Tuesday, February 12, 2008

Ilford Delta 3200

Ilfords Delta 3200 is one of the fastest films available, along with Kodak T-Max 3200 and is a modern tabular (T-grain) emulsion, from Ilfords website:
"Ilford Delta films use a new crystal structure called Core Shell. These new technology crystals capture light more efficiently, offer a smoother tonal range, finer grain and greater sharpness than conventional technology films. The ultra high quality generated by the DELTA PROFESSIONAL films however, requires a bit more care in exposure and processing".

According to Ilford, Delta 3200 has an ISO speed rating of 1000 for daylight exposure when developed in their standard ID 11 developer.
Why call it Delta 3200 if it has an ISO speed of 1000?
Here's a quote from Ilford:

It should be noted that the exposure index (EI)
range recommended for DELTA 3200 Professional
is based on a practical evaluation of film speed
and is not based on foot speed, as is the ISO

So basically its a 1000ISO film that can be pushed and give good results at EI 3200.

Good image quality can be obtained between EI 400- 6400 and can be pushed to EI 25 000.
One of the huge benefits of Ilfords emulsion over the Kodak T-Max 3200 is that the emulsion is available in 120 size making hand held low light medium format photography a possiblity.
For more info Ilford have a PDF that lists developers and processing times.
So armed with a few rolls I set about taking some low light images at a local night club.
I rated the films at EI3200 which in the conditions I found myself shooting at 1/15- 1/60 at F3,5-4 so it was pretty dark here are some photos.

From memory the above shot was 1/15 wide open at F3,5

This shot was 1/60 at F4
Here is a 100% crop to show grain character.

My first thoughts were Wow look at the tonal range, grain is a little pronounced in the mid tones but pretty good for a film rated at this speed.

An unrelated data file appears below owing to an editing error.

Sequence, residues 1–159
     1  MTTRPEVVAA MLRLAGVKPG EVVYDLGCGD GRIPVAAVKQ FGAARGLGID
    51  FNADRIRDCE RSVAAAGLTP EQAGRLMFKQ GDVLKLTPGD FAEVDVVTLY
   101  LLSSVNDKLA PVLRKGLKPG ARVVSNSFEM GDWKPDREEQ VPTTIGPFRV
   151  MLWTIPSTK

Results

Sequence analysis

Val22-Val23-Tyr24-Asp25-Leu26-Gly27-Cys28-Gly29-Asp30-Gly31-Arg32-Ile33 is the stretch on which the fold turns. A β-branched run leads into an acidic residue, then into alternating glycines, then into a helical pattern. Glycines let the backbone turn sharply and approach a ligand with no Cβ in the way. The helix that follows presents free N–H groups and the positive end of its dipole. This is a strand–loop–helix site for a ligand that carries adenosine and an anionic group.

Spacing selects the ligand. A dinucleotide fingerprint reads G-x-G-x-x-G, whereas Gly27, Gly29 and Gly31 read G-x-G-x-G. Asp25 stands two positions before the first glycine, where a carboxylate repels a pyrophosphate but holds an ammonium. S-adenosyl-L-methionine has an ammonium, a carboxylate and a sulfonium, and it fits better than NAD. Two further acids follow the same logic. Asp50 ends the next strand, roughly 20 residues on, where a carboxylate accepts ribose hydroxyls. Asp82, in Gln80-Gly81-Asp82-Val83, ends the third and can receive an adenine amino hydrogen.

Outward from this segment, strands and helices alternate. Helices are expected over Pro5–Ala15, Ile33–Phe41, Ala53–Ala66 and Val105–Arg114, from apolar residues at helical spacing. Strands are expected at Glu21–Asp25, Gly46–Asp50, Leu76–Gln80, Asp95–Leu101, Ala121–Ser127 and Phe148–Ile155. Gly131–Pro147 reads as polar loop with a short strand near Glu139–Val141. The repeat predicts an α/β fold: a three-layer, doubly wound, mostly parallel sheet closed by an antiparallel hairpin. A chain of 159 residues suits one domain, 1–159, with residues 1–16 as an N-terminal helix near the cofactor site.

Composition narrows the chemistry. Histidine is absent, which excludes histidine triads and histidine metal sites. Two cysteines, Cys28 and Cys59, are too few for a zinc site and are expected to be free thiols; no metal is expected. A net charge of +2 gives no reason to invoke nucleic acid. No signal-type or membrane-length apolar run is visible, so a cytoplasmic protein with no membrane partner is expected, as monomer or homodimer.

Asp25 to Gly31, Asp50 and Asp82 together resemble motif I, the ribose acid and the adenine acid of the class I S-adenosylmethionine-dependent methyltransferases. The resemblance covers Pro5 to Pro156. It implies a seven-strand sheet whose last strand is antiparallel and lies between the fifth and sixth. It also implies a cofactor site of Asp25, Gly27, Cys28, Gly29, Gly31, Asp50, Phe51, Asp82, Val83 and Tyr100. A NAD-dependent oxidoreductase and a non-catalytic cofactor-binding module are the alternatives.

Of course these were shot on 120, so tonally they are going to be better than 35mm, ditto grain.
My experiences with the 35mm version are that its is best rated at 800- 1600 EI and developed in Microphen or DD-X where tonally it seems to be ahead of the competition with just slightly more apparent grain, rated at 3200 and processed in Rodinal gives a very gritty look.
I really like this film, especially in 120 where low light hand held portraits are certainly a possibility and as it's the only game in town (please note Kodak and Fuji) at this speed. I can't recommend it more, so if you shoot low light in 120 try this film you won't regret it!

Text and images © Mark Antony Smith


ChuckEye said...

I'm a big fan of the Delta 3200 / DD-X combination. Haven't tried it in Rodinal yet. To me, the grain structure seems more smooth than T-Max at the same speed.

Photo–Smith said...

I think it depends on developer, I've had some great results with the TMZ in Kodak TMax dev rated at 800-1600.
Yet put that film in Rodinal and grain a go go.
I think its the same with Delta 3200, DDX or Microphen and the grain is controlled, Rodinal gives a George Seurat effect. One thing the Delta has in its favour is tonality.
It is light years ahead of TMZ in that respect and shooting it in 120 just shows what it is capable of.

Ekki Kaharudin said...

smooth fine grain film for night shot. i hope i can find one in indonesia :)

Rob said...

haha, Lech Premium, beer from my country! :)

Photo–Smith said...

Yes we get all the same beers as you now you have joined the E.U.
I drank a bottle of Tyskie just last night;-)

Bartlomiej Plichta said...

Thanks for this test! Your results are great. I think mine have been decent, too. In 120, the grain is there, but it's nice, and the tonality is exceptional at this speed (I usually shoot at 3200 and develop in DD-X).

Photo–Smith said...

Yes the tonality is very good, I sometimes use Microphen (basically powder DDX) when I push it further to EI6400 and beyond.
I'm going to see how far I can go EI wise in a later write-up.

Vladimir Lukiyanov said...

For normal contrast (and forgetting about granularity) how does the tonality seem best, in Rodinal or DD-X (rated say 1000~1200)?


Photo–Smith said...

Tonality is kind of a difficult metric, if you mean mid tones then Rodinal is fine, where it excels (IMHO) is that at lower dilution it"s hard to blow highlights.
DDX/Microphen will give better shadow detail (at recommended dev times) and slightly finer grain, effective speed is certainly higher.
I'm leaning towards Rodinal though because I don't mind grain and you can (or the eye does) accept slight shadow loss with pushing in dark conditions.

At the moment I'm doing some tests with Acros rated at 12,800 is near darkness with Rodinal at 1:100 for in hour, I think that I'm going to have an interesting post in the new year....

Christopher M said...

Thanks for posting. Wanted to see if how 120 Delta rated at 3200 would look. The grain is modest and very useable.